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Mark Thompson

It is not uncommon to see Board member Mark Thompson wearing his cowboy hat. This is only fitting considering the number of different hats (not literally) he carries as an active leader and member of the agriculture community.

Despite Thompson’s hard work, he knows when to have fun. He announces horse shows and rodeos all over the western United States. He credits three events that led him to find his spot behind the microphone.

Thompson, of Clovis, was first introduced to announcing when Bob Robinson, an announcer and great friend of Mark’s, needed Thompson to fill in announcing while Robinson competed in one of the cattle events. Mark stepped up and announced his first event.

Thompson got his first major opportunity to announce in 1992 when Jon Semper asked him to announce for three days at a Snaffle Bit Futurity event at Selland Arena when it moved to Fresno. After three days, he had done well enough that Semper asked him to stay two more days, and then asked Thompson to announce the finals.

Thompson’s announcing career took another huge leap when Thompson ran into world-famous rodeo announcer, Bob Tallman, at Bishop Mule Days in Bishop California. After a long talk with Tallman, Mark decided to attend Tallman’s rodeo announcer school in Baker City, Oregon. Thompson has announced ever since.

“I’ve been able to meet a lot of great people and see a lot of great horses at these events,” said Thompson of his announcing.

Thompson’s involvement extensive within ag community

Thompson has been a part of the agricultural community his entire life. He grew up on a farm in Sanger, where he was exposed to grapes, oranges, almonds and field crops. His knowledge of the industry and passion for serving members of the agricultural community continues to grow.

Thompson is a graduate from Sanger High School and Reedley College. After Reedley College, he worked as a fieldman for Ballantine Produce Co., overseeing day-to-day operations, including harvest and cultural practices.

After three years at Ballantine Produce Co., Thompson accepted an offer to work for Fresno-Madera Farm Credit (formerly Federal Land Bank) in 1974, where has worked ever since. His experience with a variety of agricultural commodities made him valuable to Farm Credit, including his experience with tree fruit, row crops, nuts, cattle, sheep and grapes.

Since 1990, Thompson has been a chattel appraiser, which includes appraisal of personal property (non-real estate), livestock and inventory. “It’s really been interesting to see the changes in agriculture and the changes in agriculture technology,” Thompson said. “The best part about my job, though, is the people I work with. Ag people are ‘salt-of-the-earth’ people.”

Since 1992, Thompson has been a member of the FCFB Board of Directors. “Farm Bureau is such a friend of agriculture and our neighbors need to know that,” he said.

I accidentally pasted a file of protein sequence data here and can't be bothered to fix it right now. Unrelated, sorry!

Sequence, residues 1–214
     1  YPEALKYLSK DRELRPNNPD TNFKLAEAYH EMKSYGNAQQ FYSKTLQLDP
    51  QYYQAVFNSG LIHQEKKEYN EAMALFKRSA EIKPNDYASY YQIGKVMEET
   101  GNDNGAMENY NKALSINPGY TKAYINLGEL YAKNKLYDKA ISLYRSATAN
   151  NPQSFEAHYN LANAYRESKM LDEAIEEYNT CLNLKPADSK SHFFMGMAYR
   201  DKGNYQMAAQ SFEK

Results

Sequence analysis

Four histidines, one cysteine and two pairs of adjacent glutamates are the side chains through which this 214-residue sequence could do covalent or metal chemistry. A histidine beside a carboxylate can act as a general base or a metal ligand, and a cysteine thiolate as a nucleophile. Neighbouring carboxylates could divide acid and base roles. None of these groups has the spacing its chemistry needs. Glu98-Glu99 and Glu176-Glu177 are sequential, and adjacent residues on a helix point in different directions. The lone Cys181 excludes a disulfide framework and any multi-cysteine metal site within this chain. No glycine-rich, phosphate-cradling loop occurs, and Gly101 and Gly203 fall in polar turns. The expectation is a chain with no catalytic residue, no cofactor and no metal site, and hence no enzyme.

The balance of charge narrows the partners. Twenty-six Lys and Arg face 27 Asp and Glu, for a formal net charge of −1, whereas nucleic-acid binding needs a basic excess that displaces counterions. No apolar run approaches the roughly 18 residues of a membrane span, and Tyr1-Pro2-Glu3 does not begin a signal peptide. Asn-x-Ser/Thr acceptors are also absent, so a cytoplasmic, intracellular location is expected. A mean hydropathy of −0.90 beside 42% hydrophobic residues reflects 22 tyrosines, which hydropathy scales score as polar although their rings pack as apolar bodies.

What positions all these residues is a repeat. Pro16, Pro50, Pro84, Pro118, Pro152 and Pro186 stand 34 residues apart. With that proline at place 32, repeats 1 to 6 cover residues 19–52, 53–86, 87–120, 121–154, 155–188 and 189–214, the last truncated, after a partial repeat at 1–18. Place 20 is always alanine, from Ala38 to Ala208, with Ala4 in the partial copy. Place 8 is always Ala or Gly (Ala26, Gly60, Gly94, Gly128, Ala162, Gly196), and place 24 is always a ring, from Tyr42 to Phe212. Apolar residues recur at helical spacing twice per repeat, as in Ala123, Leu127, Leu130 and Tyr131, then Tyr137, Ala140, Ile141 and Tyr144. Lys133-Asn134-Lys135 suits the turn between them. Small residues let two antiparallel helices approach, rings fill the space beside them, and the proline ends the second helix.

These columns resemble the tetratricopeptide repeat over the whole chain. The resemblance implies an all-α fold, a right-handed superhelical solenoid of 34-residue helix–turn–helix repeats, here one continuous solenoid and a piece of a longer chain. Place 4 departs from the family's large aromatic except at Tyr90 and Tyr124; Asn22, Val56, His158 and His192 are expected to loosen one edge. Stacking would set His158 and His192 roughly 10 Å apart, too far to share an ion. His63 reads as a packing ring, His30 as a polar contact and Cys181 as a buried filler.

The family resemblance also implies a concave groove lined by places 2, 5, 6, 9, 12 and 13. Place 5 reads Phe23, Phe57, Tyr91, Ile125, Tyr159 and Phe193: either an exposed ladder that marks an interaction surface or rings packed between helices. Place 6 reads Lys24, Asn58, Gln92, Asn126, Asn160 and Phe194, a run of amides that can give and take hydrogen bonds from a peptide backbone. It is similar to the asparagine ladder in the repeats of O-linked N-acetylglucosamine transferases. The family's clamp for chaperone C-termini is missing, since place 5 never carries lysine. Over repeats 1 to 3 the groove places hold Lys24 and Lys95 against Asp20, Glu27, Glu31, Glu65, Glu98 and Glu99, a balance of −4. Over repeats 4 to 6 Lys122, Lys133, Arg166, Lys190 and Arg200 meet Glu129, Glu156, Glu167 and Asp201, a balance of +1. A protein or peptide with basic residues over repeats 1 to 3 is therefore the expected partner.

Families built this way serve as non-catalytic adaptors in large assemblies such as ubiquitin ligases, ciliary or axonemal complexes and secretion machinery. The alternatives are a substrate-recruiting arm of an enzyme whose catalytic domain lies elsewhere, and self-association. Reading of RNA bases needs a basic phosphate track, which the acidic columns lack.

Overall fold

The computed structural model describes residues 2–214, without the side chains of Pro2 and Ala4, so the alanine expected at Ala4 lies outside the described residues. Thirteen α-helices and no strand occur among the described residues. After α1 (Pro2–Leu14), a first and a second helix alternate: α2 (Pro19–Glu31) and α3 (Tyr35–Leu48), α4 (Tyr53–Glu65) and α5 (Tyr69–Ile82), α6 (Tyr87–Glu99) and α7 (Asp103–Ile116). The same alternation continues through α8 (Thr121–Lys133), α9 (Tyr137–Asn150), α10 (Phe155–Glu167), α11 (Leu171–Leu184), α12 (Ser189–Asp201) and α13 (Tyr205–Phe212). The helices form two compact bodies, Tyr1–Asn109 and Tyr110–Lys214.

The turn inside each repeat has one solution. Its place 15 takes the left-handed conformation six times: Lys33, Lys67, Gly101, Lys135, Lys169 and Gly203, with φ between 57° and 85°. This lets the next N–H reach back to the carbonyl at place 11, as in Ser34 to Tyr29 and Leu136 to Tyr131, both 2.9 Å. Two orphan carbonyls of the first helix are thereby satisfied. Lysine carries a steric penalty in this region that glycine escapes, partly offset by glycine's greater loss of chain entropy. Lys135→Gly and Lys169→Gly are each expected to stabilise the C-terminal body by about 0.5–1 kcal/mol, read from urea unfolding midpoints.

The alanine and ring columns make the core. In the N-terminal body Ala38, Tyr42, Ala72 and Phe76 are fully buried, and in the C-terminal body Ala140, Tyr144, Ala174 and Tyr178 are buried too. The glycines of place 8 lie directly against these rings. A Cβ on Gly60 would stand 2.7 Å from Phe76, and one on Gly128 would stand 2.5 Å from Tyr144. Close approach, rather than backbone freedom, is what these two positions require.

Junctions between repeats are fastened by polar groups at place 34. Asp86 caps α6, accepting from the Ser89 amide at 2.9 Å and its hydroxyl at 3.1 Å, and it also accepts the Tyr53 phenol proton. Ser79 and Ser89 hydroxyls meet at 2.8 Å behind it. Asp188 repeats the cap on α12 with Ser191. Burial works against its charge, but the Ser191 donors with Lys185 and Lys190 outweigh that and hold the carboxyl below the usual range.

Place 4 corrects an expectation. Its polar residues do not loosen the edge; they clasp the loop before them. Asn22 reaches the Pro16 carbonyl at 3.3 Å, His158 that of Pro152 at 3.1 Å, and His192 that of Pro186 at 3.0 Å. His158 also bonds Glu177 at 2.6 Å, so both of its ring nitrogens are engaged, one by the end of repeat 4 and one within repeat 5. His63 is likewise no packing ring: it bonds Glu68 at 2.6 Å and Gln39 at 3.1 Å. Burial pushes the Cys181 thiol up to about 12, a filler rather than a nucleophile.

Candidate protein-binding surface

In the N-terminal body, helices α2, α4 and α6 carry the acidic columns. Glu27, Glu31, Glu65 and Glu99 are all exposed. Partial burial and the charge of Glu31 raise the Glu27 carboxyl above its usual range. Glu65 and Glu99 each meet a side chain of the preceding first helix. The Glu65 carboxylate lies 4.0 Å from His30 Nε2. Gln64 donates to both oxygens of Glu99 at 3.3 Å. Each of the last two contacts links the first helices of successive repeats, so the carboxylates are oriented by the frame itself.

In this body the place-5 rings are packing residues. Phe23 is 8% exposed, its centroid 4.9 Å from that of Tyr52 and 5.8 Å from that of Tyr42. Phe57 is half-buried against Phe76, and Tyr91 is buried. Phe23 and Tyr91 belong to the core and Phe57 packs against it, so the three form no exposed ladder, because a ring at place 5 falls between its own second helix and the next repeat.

When not announcing a Snaffle Bit Futurity, the Clovis Rodeo, the World’s Richest, or other Equine events, Thompson has utilized his public speaking skills to emcee numerous local events, including Fresno County Farm Bureau’s Annual Media Appreciation Night, and the Annual Ag Boosters Barbecue.

Despite his heavy involvement with Farm Bureau and his work at Farm Credit, this is just a fraction of his involvement with the agricultural community.

Thompson has also served on the Clovis Rodeo Association; the Fresno-Kings Cattlemen’s Association; the Friends of Rodeo; the Reedley College Ag Backers Committee and Ag Advisory Council; and a member of the Junior Livestock Auction Committee and the Champions Club at the Big Fresno Fair.

Thompson was named to the first Big Fresno Fair Hall of Fame for his years of service to the Junior Livestock Auction, as well as developing programs like the Champion of Excellence for the Ag Youth.

“I am very fortunate to be on several boards,” Thompson said. “The people on these boards are down-to-earth and level-headed, are stewards of the land, and they all have the same values. They are here to do a job; they are supporting agriculture and trying to feed the world. These are the type of people I want to be around.”

Thompson finds his niche

In addition to his talent as a rodeo announcer, Thompson is very thankful to be part of two very successful mule packing teams, competing at the Annual Bishop Mule Days.

Mule packing is a competition where a string of five mules are packed with various loads, and compete in six different events. It is the center focus of Bishop Mule Days. Mark and the Backcountry Horseman Pack Team have won the world championship 3 times and the reserved world championship several times.

In reference to his success, Thompson said: “Everyone is a world champion; all you have to do find your niche.”

 

Meet Your Board Members Profile: Ag Today, Nov 07
By: John Migliazzo